By Julie Huss
---- — LONDONDERRY — One man’s crusade to get the town’s forest cleaned up continues while town officials ponder what to do about the wooded property near the Town Common.
Forest supporter Kent Allen spearheaded a citizen’s petition in last month’s town election, asking voters to support turning over control of the 13-acre forest to the town manager to kick a major forest cleaning effort into gear.
That article failed to pass with voters, 855-1,026.
The Town Common already falls under the town manager’s jurisdiction. The Conservation Commission takes a lot of management and responsibility for what happens in the forest.
But the forest remains a key issue and many are wondering how to move forward with any cleaning work and who would be ultimately responsible.
The Heritage Commission was the latest group to weigh in on the forest future.
The town’s new Master Plan Implementation Committee will work on the forest that abuts a historic Mammoth Road cemetery and apple orchards.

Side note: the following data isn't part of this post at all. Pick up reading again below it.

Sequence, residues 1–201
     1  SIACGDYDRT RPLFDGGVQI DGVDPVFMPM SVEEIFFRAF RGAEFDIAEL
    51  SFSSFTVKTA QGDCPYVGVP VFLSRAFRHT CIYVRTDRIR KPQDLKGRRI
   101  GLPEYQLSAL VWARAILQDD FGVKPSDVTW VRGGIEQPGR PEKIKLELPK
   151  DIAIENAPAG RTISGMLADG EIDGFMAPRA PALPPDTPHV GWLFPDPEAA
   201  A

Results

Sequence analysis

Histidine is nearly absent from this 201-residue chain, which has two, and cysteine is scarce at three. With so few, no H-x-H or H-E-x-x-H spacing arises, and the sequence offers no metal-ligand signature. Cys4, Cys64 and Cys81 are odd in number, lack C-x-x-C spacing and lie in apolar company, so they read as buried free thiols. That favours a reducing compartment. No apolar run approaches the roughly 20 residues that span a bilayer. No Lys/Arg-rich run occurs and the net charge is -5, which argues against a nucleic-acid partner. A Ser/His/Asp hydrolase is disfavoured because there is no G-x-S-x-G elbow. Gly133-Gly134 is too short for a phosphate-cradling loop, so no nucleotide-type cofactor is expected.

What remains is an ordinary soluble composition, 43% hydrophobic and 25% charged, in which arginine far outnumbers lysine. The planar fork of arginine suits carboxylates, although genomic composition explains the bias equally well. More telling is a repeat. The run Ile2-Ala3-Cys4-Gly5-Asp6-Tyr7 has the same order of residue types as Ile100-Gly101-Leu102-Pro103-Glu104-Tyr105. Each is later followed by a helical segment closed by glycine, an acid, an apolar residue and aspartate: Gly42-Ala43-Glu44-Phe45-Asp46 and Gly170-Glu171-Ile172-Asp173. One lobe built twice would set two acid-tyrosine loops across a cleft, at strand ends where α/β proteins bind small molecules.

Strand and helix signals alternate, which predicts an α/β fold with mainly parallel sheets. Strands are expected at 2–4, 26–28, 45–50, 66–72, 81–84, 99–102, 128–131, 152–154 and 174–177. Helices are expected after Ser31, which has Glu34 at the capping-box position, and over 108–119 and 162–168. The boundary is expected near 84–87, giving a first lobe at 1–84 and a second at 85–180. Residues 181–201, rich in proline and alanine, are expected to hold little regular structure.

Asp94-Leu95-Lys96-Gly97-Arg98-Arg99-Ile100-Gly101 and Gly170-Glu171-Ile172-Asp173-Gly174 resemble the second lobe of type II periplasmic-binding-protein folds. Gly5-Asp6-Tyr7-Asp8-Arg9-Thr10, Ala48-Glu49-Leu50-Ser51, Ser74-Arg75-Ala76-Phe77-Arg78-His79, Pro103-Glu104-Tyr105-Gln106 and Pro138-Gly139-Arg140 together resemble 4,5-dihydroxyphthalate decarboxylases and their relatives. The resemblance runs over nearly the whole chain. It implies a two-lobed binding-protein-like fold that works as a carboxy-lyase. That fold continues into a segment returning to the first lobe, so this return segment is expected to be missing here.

The wooded property’s future doesn’t just include cleanup work; it may also include more extensive projects to update town trails or other areas to make the land more family friendly and accessible.
The entire Town Common and forest could be part of a more involved “town center” plan, town planner Jon Vogl told Heritage Commission members at a recent meeting.
“We want a good plan for what should occur out there and what the best management strategy would be,” he said.
He said ideas would be taken back to the new Master Plan Implementation group. The process would be a “public process,” he said.
Right now, there are many ideas about what could make the town’s center area more attractive and useful.
Some like the park idea; some want it kept more natural and untouched.
“But if it’s left in a primitive state, people can’t use it as well,” Vogl said.
Heritage Commission member Ann Chiampa said she hopes the forest could be used more as a natural classroom for students.
“You could learn so much from this forest,” she said.
Allen said he wants the forest to be cleaned up and town ALERT volunteers could do the job without any liability issues as long as the group is called out as an official mission and works in tandem with fire department crews.
Conservation Commission members said at earlier meetings they didn’t want Allen’s project to go much beyond the trail area in the forest as it may disrupt valuable animal habitat, including the underbrush around fallen trees.